Must say the Google Doodle today caught my eye. It commemorates the birth of Amelia Earhart, the first woman to fly sol across the Atalntic. Google Doodles have been around for some time and I thought I'd share some interesting facts with you:
The founders of Google first tinkered with the Google logo in 1998 to indicate their attendance at the Burning Man festival - they put a stick figure behind the final 'o' of Google.
Dennis Hwang, a Google webmaster, was asked to become Google's chief doodler in 2000. He came up with one for Bastille Day.
Over a 1000 doodles have been created over the years and they are used to highlight special anniversaries and events through the year and across the world.
Google now has a group of doodlers, made up of illustrators and engineers, to create them.
Ideas come from within the team and from Gooogle users (you can email yours to email@example.com)
There is a Google Doodle store where you can buy Doodles on t-shirts, mugs and even skateboards.
Starting this month and running for the next 12 months Google will be running a series of events across Wales with the express aim of getting Welsh businesses online. Primarily aimed at small businesses, Google will be offering 40-minute, one-to-one consultations through its Juice Bar; a series of free workshops that will cover AdWords, developing a website and broadly looking at Google; online training that costs £99 and some free online tools.
Let's hope that through this initiative Welsh businesses will take up the offer and Google is able to reach as many of these SME's across Wales as possible.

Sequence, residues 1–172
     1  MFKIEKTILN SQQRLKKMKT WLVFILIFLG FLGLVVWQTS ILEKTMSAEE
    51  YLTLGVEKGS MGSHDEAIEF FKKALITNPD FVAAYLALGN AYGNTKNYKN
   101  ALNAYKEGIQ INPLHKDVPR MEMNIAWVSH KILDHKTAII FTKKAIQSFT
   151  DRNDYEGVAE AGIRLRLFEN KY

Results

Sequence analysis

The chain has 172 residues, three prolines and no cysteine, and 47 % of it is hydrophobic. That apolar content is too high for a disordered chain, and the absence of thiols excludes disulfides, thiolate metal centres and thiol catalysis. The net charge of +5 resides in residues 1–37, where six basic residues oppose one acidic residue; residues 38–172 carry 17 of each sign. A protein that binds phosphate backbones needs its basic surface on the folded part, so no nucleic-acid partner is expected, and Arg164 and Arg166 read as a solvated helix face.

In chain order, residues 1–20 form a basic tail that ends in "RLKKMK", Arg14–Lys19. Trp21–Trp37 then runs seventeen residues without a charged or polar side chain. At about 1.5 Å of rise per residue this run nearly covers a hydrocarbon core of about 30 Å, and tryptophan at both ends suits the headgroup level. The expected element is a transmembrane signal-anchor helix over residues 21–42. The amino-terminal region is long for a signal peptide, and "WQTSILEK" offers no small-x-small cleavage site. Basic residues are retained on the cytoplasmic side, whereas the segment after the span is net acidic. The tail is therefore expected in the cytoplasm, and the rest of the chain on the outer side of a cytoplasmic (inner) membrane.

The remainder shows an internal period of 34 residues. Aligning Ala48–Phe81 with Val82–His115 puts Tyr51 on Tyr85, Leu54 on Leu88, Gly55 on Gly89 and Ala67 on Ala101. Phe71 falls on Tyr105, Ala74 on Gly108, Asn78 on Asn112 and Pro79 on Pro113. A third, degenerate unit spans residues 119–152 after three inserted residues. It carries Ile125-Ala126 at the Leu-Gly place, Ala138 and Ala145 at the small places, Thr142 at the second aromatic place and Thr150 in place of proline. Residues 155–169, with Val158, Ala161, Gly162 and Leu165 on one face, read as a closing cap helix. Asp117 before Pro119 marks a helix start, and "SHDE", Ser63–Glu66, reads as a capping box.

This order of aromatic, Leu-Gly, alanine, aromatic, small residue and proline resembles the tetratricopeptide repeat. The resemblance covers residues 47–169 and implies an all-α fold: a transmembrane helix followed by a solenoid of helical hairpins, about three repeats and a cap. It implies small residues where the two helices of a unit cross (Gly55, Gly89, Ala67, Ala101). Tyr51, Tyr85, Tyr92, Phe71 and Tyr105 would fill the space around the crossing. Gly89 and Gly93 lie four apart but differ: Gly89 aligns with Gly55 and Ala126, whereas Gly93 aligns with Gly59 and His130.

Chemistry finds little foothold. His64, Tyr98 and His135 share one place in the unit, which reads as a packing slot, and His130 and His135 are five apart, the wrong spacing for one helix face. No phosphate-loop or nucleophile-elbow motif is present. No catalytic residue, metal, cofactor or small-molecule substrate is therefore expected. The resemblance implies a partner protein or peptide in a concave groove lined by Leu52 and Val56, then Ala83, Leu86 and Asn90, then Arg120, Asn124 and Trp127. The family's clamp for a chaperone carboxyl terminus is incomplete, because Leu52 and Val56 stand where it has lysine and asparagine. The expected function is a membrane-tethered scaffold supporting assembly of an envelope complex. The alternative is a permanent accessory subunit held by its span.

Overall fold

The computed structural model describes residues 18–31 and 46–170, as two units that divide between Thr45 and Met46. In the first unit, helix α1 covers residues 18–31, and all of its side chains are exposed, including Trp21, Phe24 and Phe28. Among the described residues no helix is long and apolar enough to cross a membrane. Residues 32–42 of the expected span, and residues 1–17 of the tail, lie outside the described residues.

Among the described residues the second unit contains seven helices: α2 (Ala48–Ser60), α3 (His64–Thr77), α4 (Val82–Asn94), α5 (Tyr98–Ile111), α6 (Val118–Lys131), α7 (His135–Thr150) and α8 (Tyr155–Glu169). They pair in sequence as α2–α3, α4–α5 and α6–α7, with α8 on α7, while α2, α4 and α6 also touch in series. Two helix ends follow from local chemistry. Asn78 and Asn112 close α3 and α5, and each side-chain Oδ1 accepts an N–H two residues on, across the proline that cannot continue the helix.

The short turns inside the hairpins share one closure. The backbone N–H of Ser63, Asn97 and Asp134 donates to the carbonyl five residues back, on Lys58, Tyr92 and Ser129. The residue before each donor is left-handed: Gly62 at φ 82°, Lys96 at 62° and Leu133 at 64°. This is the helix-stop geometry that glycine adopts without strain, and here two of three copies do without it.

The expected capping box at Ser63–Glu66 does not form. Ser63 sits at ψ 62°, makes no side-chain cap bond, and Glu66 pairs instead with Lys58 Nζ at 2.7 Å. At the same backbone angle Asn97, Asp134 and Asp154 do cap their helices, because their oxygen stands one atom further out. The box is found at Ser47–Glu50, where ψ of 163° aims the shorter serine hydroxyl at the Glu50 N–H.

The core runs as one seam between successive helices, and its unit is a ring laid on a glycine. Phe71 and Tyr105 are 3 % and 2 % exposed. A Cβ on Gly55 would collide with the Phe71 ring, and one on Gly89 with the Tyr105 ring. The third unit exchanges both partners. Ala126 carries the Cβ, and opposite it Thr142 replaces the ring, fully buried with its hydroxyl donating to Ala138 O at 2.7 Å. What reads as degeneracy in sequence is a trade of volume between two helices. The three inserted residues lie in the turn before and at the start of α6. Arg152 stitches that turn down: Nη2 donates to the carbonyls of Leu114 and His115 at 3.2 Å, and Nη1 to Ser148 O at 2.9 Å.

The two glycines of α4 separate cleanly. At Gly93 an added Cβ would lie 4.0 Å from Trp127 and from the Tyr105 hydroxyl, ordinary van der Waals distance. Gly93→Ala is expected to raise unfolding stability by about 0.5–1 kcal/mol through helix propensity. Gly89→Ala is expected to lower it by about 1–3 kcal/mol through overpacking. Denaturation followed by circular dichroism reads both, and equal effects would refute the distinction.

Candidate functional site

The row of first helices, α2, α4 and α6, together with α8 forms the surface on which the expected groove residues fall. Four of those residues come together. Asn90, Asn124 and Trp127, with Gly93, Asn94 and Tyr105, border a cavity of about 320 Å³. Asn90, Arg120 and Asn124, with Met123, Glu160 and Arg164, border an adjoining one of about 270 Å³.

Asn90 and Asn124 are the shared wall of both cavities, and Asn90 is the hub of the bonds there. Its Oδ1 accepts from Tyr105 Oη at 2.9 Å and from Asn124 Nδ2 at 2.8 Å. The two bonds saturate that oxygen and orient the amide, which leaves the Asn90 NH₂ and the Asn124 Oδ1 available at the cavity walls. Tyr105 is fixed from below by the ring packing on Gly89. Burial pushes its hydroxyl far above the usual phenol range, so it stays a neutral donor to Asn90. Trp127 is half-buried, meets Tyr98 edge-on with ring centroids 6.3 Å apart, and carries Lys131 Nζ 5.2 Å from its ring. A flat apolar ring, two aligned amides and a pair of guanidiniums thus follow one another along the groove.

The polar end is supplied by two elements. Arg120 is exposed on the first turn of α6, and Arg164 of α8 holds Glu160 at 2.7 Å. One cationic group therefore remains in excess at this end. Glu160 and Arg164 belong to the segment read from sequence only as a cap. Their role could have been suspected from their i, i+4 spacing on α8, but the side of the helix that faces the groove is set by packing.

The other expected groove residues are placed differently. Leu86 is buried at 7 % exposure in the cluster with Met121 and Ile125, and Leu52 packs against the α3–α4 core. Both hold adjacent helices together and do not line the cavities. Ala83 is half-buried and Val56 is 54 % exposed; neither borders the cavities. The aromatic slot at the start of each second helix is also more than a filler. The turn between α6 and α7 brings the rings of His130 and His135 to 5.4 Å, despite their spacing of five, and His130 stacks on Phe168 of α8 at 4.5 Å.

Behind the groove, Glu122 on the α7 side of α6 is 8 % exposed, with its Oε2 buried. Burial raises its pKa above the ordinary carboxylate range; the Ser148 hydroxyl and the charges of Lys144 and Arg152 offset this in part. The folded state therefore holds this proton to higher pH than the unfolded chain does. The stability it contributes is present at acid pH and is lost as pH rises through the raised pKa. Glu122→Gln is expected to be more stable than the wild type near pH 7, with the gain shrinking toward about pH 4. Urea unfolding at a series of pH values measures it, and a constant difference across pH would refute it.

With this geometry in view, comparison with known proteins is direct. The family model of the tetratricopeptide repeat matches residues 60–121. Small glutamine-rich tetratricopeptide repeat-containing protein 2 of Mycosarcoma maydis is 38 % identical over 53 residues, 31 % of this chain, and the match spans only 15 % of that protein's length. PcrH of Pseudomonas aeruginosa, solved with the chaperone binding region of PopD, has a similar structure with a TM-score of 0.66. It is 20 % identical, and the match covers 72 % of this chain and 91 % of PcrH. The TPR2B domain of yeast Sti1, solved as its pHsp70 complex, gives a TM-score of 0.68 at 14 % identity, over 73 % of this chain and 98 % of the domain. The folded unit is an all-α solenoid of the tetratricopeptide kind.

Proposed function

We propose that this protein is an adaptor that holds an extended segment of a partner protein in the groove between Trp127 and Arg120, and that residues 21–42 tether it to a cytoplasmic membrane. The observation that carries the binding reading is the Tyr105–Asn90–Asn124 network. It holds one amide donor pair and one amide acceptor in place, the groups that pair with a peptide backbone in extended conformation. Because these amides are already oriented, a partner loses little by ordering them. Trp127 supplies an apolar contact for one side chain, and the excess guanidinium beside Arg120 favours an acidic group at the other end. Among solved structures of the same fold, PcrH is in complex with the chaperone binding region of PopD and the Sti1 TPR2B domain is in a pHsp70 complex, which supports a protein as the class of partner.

Following on from the successful Google AdWords Masterclass that we delivered last year Marketing Tom Media, in conjunction with Liberty Marketing, will be delivering two, revised and updated Google AdWords workshops in March and April. The first one, which is focused on Beginner to Intermediate level students will run on March 19th, while the second, aimed at Intermediate to Advanced level students runs on April 18th. These workshops are very much hands-on and interactive and allow the tutors, who have over 15 years' AdWords experience between them, to give delegates a thorough foundation in AdWords and to share top tips on how to create effective strategies.
If you didn't get a chance to go to LeWeb 2011, you may be interested to check out their YouTube channel which features over 130 sessions in HD format. Highlights include Eric Schmidt talking about the new Android features (love the facial recognition unlock feature), Karl Lagerfeld and the founders of Spotify and Evernote.
Back in July Google introduced AdWords Express, a new way to help local advertisers reach out to their target audiences using AdWords. The idea is that it helps you with create your Google Places page and, once set up, will automatically manage your Google AdWords account. These ads appear slightly differently to other Google ads in that they have a blue pin.
Find out more information from the videos below or visit the links directly after it.
And here's another one from a Google Product Manager
If you need to find a plumber, electrician or gas engineer, you tend to ask friends or family who live close by to recommend on for you. You will probably ask your friends how good their work is, how quickly they get work done, do they answer phone calls and how much they cost. And you ask these people because they belong to a circle of people you trust. But with more of our time being spent online and our reliance on information from Google and social networks, we are moving these questions online.